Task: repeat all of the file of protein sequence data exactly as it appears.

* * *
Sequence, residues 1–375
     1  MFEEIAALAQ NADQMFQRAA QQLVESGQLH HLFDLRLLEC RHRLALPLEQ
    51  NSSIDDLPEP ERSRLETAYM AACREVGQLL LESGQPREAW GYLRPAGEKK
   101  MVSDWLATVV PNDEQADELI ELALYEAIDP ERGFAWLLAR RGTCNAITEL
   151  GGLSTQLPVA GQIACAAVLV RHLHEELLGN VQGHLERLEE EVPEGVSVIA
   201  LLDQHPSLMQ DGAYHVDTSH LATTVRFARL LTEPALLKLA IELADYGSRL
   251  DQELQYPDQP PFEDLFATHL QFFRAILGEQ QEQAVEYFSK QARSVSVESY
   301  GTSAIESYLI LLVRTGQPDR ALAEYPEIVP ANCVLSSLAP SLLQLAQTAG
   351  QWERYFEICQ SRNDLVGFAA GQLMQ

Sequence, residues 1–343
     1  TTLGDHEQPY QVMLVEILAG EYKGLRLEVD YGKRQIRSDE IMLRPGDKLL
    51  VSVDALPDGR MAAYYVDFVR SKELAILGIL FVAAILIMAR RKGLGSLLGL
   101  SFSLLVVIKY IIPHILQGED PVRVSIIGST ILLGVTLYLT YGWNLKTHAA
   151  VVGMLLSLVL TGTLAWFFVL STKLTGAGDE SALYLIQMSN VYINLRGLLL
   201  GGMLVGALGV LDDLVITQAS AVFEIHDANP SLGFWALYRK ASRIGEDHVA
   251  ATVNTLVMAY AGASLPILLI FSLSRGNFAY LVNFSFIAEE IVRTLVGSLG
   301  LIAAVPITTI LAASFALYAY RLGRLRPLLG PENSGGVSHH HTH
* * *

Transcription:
Sequence, residues 1–375
     1  MFEEIAALAQ NADQMFQRAA QQLVESGQLH HLFDLRLLEC RHRLALPLEQ
    51  NSSIDDLPEP ERSRLETAYM AACREVGQLL LESGQPREAW GYLRPAGEKK
   101  MVSDWLATVV PNDEQADELI ELALYEAIDP ERGFAWLLAR RGTCNAITEL
   151  GGLSTQLPVA GQIACAAVLV RHLHEELLGN VQGHLERLEE EVPEGVSVIA
   201  LLDQHPSLMQ DGAYHVDTSH LATTVRFARL LTEPALLKLA IELADYGSRL
   251  DQELQYPDQP PFEDLFATHL QFFRAILGEQ QEQAVEYFSK QARSVSVESY
   301  GTSAIESYLI LLVRTGQPDR ALAEYPEIVP ANCVLSSLAP SLLQLAQTAG
   351  QWERYFEICQ SRNDLVGFAA GQLMQ

Sequence, residues 1–343
     1  TTLGDHEQPY QVMLVEILAG EYKGLRLEVD YGKRQIRSDE IMLRPGDKLL
    51  VSVDALPDGR MAAYYVDFVR SKELAILGIL FVAAILIMAR RKGLGSLLGL
   101  SFSLLVVIKY IIPHILQGED PVRVSIIGST ILLGVTLYLT YGWNLKTHAA
   151  VVGMLLSLVL TGTLAWFFVL STKLTGAGDE SALYLIQMSN VYINLRGLLL
   201  GGMLVGALGV LDDLVITQAS AVFEIHDANP SLGFWALYRK ASRIGEDHVA
   251  ATVNTLVMAY AGASLPILLI FSLSRGNFAY LVNFSFIAEE IVRTLVGSLG
   301  LIAAVPITTI LAASFALYAY RLGRLRPLLG PENSGGVSHH HTH